This final piece of evidence backs up something Rosenberger put to me thus: “We could think of these phantom vibrations as a kind of bad habit – not a very bad one, as it’s not actually bothersome – which might be a more useful analogy than a rewired brain.” Yes, we check our phones a lot – but the effects can disappear quickly once the reasons for checking (emergencies while working on a hospital ward, for example) disappear.

Indeed, as communication devices become more wearable, they're likely to become even more embedded in our consciousness. Because Apple Watches, for example, don’t need to be physically taken out and looked at, the checking process is far less distracting, as this post on wearables from product designer Luke Wroblewski demonstrates.

We may be addicted to our phones, and we may check them too much – but if our technology is just an extension of ourselves, we’re only as bad as Charlie Brown, obsessively checking his postbox for Valentines, or a late commuter, straining for the sound of their bus rounding the corner. The technology and tools may change, but we're only as neurotic and anxious as we've always been. 

Barbara Speed is comment editor at the i, and was technology and digital culture writer at the New Statesman, and a staff writer at CityMetric.

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How hackers held the NHS to ransom

NHS staff found their computer screens repleaced by a padlock and a demand for money. Eerily, a junior doctor warned about such an attack days earlier. 

On Friday, doctors at Whipps Cross Hospital, east London, logged into their computers, but a strange red screen popped up. Next to a giant padlock, a message said the files on the computer had been encrypted, and would be lost forever unless $300 was sent to a Bitcoin account – a virtual currency that cannot be traced. The price doubled if the money wasn’t sent within six days. Digital clocks were counting down the time.

It was soon revealed Barts Health Trust, which runs the hospital, had been hit by ransomware, a type of malicious software that hijacks computer systems until money is paid. It was one of 48 trusts in England and 13 in Scotland affected, as well as a handful of GP practices. News reports soon broke of companies in other countries hit. It affected 200,000 victims in 150 countries, according to Europol. This included the Russian Interior Ministry, Fedex, Nissan, Vodafone and Telefonica. It is thought to be the biggest outbreak of ransomware in history.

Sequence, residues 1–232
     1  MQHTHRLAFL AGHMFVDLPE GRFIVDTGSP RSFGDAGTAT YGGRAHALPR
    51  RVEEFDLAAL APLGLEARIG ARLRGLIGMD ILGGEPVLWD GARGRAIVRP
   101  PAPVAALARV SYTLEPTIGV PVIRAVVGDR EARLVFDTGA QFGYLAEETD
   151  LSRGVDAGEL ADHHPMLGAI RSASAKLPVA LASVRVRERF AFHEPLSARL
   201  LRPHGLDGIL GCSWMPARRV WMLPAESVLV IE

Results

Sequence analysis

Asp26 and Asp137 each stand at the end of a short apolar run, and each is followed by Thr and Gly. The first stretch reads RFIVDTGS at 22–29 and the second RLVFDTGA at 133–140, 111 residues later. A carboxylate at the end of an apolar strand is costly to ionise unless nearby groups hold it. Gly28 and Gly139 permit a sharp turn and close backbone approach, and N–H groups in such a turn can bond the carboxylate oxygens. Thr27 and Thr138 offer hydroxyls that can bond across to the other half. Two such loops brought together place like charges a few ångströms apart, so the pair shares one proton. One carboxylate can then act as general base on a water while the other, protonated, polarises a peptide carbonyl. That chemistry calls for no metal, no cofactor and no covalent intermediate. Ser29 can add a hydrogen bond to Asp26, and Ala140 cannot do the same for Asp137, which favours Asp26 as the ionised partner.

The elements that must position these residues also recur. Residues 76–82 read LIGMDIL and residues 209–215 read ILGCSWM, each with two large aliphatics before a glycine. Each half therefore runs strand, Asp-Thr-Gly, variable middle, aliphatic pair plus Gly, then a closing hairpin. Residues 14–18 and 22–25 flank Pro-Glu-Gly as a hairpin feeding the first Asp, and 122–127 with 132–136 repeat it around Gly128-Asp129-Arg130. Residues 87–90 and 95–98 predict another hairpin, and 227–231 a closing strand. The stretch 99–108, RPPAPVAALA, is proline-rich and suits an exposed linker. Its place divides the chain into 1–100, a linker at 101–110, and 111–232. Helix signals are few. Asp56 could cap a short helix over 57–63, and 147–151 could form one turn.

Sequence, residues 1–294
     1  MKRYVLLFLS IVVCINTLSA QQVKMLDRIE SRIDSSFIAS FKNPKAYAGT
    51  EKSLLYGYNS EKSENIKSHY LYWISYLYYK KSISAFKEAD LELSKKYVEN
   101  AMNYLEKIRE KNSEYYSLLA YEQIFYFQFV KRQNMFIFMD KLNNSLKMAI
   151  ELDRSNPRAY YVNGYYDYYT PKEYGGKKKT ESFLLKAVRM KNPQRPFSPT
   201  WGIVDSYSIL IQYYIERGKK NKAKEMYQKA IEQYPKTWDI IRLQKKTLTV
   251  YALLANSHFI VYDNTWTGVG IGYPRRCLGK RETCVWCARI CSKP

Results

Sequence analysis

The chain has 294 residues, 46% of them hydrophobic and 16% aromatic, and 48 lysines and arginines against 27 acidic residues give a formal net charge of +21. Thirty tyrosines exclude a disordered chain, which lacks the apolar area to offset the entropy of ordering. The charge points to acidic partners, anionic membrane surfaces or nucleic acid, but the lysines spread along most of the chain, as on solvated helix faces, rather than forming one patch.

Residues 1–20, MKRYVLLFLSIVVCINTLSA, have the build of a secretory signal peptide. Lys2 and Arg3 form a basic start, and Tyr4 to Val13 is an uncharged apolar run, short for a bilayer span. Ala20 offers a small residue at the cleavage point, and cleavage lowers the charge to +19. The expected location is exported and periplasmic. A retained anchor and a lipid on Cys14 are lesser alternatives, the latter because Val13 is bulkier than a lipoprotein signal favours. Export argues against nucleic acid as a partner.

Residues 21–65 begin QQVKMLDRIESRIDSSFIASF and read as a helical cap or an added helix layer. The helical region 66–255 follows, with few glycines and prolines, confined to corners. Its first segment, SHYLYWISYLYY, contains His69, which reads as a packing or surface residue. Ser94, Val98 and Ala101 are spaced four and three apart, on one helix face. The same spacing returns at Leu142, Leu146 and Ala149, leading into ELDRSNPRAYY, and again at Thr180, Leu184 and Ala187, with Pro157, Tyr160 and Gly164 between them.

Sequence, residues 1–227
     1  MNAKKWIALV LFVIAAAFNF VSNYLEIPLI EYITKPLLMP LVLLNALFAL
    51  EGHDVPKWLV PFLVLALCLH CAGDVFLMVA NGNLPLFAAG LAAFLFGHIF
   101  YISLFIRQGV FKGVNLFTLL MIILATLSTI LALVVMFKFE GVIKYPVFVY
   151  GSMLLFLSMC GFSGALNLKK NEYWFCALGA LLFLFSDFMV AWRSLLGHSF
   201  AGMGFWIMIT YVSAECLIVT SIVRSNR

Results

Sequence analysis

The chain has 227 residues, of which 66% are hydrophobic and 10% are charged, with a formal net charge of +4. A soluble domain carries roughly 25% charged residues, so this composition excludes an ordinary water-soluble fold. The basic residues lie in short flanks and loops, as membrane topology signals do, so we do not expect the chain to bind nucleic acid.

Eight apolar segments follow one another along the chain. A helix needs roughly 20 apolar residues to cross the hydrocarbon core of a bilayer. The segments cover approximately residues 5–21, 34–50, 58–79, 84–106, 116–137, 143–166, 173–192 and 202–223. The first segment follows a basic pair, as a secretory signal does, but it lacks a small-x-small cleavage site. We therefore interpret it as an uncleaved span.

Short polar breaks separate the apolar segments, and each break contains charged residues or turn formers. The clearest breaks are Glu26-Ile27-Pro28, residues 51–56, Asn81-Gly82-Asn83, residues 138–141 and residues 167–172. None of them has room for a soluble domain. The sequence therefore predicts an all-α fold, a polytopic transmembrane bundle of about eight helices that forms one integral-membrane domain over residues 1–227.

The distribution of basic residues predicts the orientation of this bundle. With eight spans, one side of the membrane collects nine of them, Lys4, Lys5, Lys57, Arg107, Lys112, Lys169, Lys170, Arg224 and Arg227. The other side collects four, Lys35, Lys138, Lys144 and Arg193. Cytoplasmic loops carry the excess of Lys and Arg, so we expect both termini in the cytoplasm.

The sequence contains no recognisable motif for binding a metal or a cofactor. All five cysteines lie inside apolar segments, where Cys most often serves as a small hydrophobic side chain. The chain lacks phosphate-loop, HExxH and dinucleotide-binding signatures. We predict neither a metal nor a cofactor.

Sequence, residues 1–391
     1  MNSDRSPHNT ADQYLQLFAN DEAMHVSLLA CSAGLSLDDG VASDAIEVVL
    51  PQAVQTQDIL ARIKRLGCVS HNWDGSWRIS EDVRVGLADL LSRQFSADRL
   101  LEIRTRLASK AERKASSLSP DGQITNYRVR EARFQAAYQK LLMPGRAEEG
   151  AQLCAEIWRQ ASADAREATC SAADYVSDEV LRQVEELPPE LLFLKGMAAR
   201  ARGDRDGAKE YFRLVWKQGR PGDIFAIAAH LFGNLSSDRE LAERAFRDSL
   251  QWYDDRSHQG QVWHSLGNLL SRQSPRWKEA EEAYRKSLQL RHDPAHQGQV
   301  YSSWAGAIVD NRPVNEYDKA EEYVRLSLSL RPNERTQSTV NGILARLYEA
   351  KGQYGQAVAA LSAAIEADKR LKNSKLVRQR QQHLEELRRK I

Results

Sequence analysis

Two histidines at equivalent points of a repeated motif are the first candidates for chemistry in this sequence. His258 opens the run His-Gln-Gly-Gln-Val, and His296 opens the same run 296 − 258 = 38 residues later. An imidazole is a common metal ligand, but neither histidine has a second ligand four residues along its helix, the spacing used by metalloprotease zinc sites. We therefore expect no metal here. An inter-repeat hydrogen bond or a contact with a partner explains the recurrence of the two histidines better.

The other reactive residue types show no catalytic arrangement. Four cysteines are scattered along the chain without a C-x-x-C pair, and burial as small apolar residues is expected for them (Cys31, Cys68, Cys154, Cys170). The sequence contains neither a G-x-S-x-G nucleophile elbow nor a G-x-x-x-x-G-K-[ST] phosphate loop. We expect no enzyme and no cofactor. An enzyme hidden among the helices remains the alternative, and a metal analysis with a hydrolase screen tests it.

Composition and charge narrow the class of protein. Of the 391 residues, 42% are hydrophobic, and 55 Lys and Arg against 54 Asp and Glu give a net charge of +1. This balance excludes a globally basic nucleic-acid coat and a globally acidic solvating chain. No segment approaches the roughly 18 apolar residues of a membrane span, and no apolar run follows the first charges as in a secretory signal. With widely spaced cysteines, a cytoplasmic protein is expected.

Trusts worked all through the weekend and are now back to business as usual. But the attack revealed how easy it is to bring a hospital to its knees. Patients are rightly questioning if their medical records are safe. Others fear hackers may strike again and attack other vital systems. Defence minister Michael Fallon was forced to confirm that the Trident nuclear submarines could not be hacked.

So how did this happen? The virus, called WannaCry or WannaDecrypt0r, was an old piece of ransomware that had gained a superpower. It had been combined with a tool called EternalBlue which was developed by US National Security Agency spies and dumped on the dark web by a criminal group called Shadow Brokers. Computers become infected with ransomware when somebody clicks on a dodgy link or downloads a booby-trapped PDF, but normally another person has to be fooled for it to harm a different computer. EternalBlue meant the virus could cascade between machines within a network. It could copy itself over and over, moving from one vulnerable computer to the next, spreading like the plague. Experts cannot trace who caused it, whether a criminal gang or just one person in their bedroom hitting "send".

Like a real virus, it had to be quarantined. Trusts had to shut down computers and scan them to make sure they were bug-free. Doctors – not used to writing anything but their signature – had to go back to pen and paper. But no computers meant they couldn’t access appointments, referral letters, blood tests results or X-rays. In some hospitals computer systems controlled the phones and doors. Many declared a major incident, flagging up that they needed help. In Barts Health NHS Trust, ambulances were directed away from three A&E departments and non-urgent operations were cancelled.

The tragedy is that trusts had been warned of such an attack. Dr Krishna Chinthapalli, a junior doctor in London, wrote an eerily premonitory piece in the British Medical Journal just two days earlier telling hospitals they were vulnerable to ransomware hits. Such attacks had increased fourfold between 2015 and 2016, he said, with the money being paid to the criminals increased to $1bn, according to the FBI. NHS trusts had been hit before. A third reported a ransomware attack last year, with Imperial College London NHS Trust hit 19 times. None admitted to paying the ransom.